The Similar And (Scary) New Presidents Of Brazil And Mexico

President-elects Jair Bolsonaro and Andrés Manuel López Obrador may not have the same ideology, but their respective radical declarations are prompting concerns over the rule of law and treatment of minorities.

Brazil's new president-elect Jair Bolsonaro
Brazil's new president-elect Jair Bolsonaro
Armando Montenegro


BOGOTA In spite of obvious differences in their messages and political journeys, Brazil's president-elect Jair Bolsonaro and Mexico's president-elect Andrés Manuel López Obrador (nicknamed "AMLO") show a remarkable symmetry in their political discourses. Both are also fueling fears over the future of democracy and human rights in their respective countries.

Both have won power on the back of similar problems: the enormous corruption of recent years, insecurity and very high levels of crime and violence that have demoralized citizens. Both received the massive support of major social groups including lower and middle-income wage earners, evangelical Christians and people with a notably wide range of political orientations.

In Mexico, the longstanding corruption of the outgoing Institutional Revolutionary Party (PRI) topped all records under the presidency of Enrique Peña Nieto. It affected the presidency itself and infected state and municipal government and various corners of the political apparatus. For its part, the impotence of police and law courts to deal with unfettered violence, typically related to drug trafficking, convinced most Mexicans that it was time to try something different. AMLO represented an independent alternative, wooing voters with his own integrity and vague promises about fighting crime.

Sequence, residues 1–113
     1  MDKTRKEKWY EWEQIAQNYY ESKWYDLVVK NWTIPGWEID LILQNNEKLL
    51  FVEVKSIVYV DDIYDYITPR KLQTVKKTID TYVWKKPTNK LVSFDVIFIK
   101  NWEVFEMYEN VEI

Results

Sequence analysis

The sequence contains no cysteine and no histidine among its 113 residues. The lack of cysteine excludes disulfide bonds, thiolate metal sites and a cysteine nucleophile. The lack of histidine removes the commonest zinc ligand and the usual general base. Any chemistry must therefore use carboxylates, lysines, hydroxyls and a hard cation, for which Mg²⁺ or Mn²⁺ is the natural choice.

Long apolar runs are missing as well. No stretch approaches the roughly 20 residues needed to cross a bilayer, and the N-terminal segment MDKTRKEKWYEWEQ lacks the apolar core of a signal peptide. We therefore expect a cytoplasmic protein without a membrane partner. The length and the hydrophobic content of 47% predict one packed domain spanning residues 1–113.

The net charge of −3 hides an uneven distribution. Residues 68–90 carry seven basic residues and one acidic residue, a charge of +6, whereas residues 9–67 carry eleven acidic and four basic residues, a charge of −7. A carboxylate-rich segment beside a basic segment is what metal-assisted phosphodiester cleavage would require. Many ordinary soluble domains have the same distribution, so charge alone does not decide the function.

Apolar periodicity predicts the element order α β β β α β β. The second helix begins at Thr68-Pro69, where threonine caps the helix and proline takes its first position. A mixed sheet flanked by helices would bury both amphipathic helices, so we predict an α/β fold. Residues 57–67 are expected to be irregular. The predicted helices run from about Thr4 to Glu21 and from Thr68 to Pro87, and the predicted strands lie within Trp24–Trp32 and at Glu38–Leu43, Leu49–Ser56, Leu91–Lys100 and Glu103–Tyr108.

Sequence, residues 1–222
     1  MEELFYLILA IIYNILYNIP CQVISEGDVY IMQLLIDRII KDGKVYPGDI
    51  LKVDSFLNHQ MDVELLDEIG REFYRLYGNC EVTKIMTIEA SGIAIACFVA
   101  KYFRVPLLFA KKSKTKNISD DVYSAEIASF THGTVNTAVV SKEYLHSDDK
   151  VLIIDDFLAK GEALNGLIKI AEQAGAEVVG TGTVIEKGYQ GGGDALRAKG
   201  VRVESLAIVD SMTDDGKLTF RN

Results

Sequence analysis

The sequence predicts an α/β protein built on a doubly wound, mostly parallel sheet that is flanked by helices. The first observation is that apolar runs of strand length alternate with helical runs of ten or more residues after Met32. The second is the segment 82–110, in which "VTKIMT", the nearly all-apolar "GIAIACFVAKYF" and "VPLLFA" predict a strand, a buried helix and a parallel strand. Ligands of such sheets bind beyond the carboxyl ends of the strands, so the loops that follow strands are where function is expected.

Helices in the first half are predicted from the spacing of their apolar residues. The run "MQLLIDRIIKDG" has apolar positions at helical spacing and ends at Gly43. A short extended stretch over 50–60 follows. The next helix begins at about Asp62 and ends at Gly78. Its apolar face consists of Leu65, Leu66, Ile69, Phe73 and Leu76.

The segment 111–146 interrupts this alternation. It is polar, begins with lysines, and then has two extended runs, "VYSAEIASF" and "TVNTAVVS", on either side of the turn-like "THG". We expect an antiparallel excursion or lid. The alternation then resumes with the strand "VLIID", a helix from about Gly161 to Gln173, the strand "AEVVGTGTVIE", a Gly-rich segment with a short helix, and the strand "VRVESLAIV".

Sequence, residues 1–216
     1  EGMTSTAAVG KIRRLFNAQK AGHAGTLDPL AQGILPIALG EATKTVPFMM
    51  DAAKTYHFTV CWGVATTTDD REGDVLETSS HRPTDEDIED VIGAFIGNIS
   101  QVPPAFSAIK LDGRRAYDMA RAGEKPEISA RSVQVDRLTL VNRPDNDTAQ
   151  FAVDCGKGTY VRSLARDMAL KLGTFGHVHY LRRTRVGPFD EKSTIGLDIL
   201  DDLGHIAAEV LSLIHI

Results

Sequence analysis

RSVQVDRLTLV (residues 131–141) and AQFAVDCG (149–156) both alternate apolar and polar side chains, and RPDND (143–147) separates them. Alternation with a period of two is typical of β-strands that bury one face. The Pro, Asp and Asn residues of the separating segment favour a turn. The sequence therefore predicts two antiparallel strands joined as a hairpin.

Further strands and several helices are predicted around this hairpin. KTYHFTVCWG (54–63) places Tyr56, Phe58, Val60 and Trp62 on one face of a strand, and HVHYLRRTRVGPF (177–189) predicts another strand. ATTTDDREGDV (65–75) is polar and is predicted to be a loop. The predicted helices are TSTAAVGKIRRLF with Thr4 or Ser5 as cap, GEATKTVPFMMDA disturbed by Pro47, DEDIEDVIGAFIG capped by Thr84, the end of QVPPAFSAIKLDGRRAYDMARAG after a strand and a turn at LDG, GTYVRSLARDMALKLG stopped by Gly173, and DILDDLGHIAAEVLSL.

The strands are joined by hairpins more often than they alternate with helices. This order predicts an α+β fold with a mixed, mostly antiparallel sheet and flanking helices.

Both are prompting serious fears.

In Brazil, the Lava Jato (Car Wash) investigations revealed the scale of corruption in the Workers Party (PT) of former presidents Lula da Silva, now in jail, and his successor Dilma Rousseff. They motivated millions of angry voters, many of them from among the poor, to choose Bolsonaro. He fueled the fervor with irresponsible promises of inflicting death penalties and life prison terms on those responsible for crimes, which previous governments could not curb.

There are also important differences between them. AMLO is coming across as a Messianic leader of the Left, convinced of being heir to emblematic, historical leaders like Benito Juárez and Lázaro Cárdenas, and destined to restore the country to the dispossessed. Bolsonaro, a hybrid of Donald Trump and the Philippines' Rodrigo Duterte, voices the Right's sharp language and is for now, attractive to those yearning for an authoritarian model in Brazil. While AMLO defends the environment and measures to fight climate change, Bolsonaro's stated plans include allowing exploitation of the Amazon.

AMLO in Mexico — Photo: Eneas De Troya